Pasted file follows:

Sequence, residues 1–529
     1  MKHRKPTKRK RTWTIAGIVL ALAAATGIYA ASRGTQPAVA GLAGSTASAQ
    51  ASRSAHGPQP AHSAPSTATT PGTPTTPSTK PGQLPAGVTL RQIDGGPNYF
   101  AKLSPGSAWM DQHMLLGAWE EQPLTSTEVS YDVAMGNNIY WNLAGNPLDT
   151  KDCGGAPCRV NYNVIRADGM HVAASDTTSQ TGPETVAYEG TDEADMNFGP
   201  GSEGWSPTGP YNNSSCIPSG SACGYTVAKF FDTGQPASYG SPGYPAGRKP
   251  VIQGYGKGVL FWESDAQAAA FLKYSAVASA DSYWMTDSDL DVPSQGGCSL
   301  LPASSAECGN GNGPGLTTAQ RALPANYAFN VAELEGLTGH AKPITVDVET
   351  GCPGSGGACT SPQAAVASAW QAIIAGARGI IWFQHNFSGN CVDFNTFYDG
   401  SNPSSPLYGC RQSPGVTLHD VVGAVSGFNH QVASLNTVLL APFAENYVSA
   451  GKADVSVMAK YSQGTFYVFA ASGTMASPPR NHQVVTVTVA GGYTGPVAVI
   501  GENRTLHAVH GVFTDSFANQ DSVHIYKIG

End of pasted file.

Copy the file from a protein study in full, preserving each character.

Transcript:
Sequence, residues 1–529
     1  MKHRKPTKRK RTWTIAGIVL ALAAATGIYA ASRGTQPAVA GLAGSTASAQ
    51  ASRSAHGPQP AHSAPSTATT PGTPTTPSTK PGQLPAGVTL RQIDGGPNYF
   101  AKLSPGSAWM DQHMLLGAWE EQPLTSTEVS YDVAMGNNIY WNLAGNPLDT
   151  KDCGGAPCRV NYNVIRADGM HVAASDTTSQ TGPETVAYEG TDEADMNFGP
   201  GSEGWSPTGP YNNSSCIPSG SACGYTVAKF FDTGQPASYG SPGYPAGRKP
   251  VIQGYGKGVL FWESDAQAAA FLKYSAVASA DSYWMTDSDL DVPSQGGCSL
   301  LPASSAECGN GNGPGLTTAQ RALPANYAFN VAELEGLTGH AKPITVDVET
   351  GCPGSGGACT SPQAAVASAW QAIIAGARGI IWFQHNFSGN CVDFNTFYDG
   401  SNPSSPLYGC RQSPGVTLHD VVGAVSGFNH QVASLNTVLL APFAENYVSA
   451  GKADVSVMAK YSQGTFYVFA ASGTMASPPR NHQVVTVTVA GGYTGPVAVI
   501  GENRTLHAVH GVFTDSFANQ DSVHIYKIG